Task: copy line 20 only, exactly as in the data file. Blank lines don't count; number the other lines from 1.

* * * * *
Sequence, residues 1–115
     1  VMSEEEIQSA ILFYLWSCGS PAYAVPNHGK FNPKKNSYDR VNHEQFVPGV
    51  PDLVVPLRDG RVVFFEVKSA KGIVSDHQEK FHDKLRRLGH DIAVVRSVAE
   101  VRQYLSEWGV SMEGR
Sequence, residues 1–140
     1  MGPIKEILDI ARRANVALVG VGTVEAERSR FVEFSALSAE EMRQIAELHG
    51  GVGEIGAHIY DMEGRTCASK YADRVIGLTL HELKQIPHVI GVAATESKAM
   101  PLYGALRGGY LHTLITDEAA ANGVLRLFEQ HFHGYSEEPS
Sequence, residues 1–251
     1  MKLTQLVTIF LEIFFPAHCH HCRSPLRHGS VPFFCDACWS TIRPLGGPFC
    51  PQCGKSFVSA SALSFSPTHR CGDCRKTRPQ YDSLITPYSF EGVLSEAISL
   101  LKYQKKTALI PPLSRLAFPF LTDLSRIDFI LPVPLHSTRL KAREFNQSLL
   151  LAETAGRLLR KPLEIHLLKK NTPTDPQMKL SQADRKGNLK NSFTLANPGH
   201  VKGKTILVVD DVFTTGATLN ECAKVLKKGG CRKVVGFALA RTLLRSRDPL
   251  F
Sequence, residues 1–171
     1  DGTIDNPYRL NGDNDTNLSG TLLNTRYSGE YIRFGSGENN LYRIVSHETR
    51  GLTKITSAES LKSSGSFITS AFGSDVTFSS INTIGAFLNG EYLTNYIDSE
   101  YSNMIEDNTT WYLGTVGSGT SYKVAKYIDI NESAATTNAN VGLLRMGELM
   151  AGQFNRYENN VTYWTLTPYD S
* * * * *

   151  AGQFNRYENN VTYWTLTPYD S